[+] Demographics

Sex: 50.1/49.9% M/F
Percentage with children: 24.5
Percentage ever divorced: 13.0
Percentage with current gambling problem: 1.5
Percentage with at least one traffic ticket in last year: 8.0
Percentage arrested at least once: 21.5
Percentage arrested more than once: 10.3
Percentage with >$10,000 credit card debt: 7.9
30.65 percent subjects with BMI>30 (obese)
7.28 percent subjects with BMI>40 (extreme obesity)

Validated

This measure has not been validated yet.

Access Measure

SOBC Validation Process

The Science of Behavior Change (SOBC) program seeks to promote basic research on the initiation, personalization and maintenance of behavior change. By integrating work across disciplines, this effort will lead to an improved understanding of the underlying principles of behavior change. The SOBC program aims to implement a mechanisms-focused, experimental medicine approach to behavior change research and to develop the tools required to implement such an approach. The experimental medicine approach involves: identifying an intervention target, developing measures to permit verification of the target, engaging the target through experimentation or intervention, and testing the degree to which target engagement produces the desired behavior change.

Within the SOBC Measures Repository, researchers have access to measures of mechanistic targets that have been (or are in the processing of being) validated by SOBC Research Network Members and other experts in the field. The SOBC Validation Process includes three important stages of evaluation for each proposed measure: Identification, Measurement, and Influence.

The first stage of validation requires a measure to be Identified within the field; there must be theoretical support for the specific measure of the proposed mechanistic target or potential mechanism of behavior change. This evidence may include references for the proposed measure, or theoretical support for the construct that the proposed measure is intended to assess. The second stage of validation requires demonstration that the level and change in level of the chosen mechanistic target can be Measured with the proposed measure (assay). For example, if the proposed measure is a questionnaire, the score on the measure should indicate the activity of the target process, and it must have strong psychometric properties. The third stage of validation requires demonstration that the measure can be Influenced; there must be evidence that the measured target is malleable and responsive to manipulation. Evidence relating to each stage includes at least one peer-reviewed publication or original data presentation (if no peer-reviewed research is available to support the claim) and is evaluated by SOBC Research Network Members and experts in the field.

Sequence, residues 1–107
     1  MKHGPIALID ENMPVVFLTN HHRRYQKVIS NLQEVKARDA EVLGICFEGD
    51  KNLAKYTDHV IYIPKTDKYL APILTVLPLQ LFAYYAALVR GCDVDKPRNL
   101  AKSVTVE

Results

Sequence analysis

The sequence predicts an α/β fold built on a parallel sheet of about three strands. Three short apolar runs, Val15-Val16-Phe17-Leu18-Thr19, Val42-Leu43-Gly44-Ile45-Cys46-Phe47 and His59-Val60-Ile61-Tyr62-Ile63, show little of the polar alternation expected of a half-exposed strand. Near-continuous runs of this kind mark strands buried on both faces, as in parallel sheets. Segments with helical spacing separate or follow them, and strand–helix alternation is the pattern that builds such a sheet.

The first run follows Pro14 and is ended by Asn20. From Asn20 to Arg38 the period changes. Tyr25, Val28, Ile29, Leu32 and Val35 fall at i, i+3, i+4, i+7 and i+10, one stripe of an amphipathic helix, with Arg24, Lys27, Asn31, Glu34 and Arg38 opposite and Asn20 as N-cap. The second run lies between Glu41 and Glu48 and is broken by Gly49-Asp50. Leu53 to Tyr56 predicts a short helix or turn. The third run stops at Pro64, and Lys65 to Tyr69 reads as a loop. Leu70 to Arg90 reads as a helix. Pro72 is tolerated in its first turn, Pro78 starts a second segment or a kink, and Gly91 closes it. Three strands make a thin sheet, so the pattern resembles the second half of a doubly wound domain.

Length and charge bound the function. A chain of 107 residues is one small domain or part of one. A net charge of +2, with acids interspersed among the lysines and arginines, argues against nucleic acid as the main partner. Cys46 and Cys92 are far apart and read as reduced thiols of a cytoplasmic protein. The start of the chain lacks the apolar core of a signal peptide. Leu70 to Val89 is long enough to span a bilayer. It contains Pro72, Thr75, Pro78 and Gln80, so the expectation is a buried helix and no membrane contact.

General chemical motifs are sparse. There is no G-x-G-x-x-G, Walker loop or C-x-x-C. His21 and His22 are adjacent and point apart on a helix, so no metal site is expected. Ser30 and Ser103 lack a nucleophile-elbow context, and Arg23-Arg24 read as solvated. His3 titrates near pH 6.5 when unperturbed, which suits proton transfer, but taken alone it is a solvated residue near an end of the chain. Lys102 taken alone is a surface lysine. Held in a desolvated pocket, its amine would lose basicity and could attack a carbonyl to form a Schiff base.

Once a measure has gone through these three stages, it will then either be Validated or Not validated according to SOBC Research Network standards. If a measure is Validated, then change in the measured target was reliably associated with Behavior Change. If a measure is Not validated, then change in the measured target was not reliably associated with Behavior Change. Why would we share measures that are not validated? The SOBC Research Network values open, rigorous, and transparent research. Our goal is to make meaningful progress and develop replicable and effective interventions in behavior change science. Therefore, the SOBC sees value in providing other researchers in the field with information regarding measures that work and measures that fall short for specific targets. Further, a measure that is not validated for one target in one population may be validated in another target or population.

Want to learn more? For any questions regarding the SOBC Validation Process or Measures Repository, please email info@scienceofbehaviorchange.org.

Identified

Has the mechanism been identified as a potential target for behavior change? This section summarizes theoretical support for the mechanism.

Measured

Have the psychometric properties of this measure been assessed? This section includes information such as content validity, internal consistency, and test-retest reliability.

Influenced

Has a study manipulation led to change in the mechanism? This section addresses evidence that this measure is modifiable by experimental manipulation or clinical intervention.

Not Validated

Has a change in this mechanism been associated with behavior change? This section addresses empirical evidence that causing change in the measure reliably produces subsequent behavior change.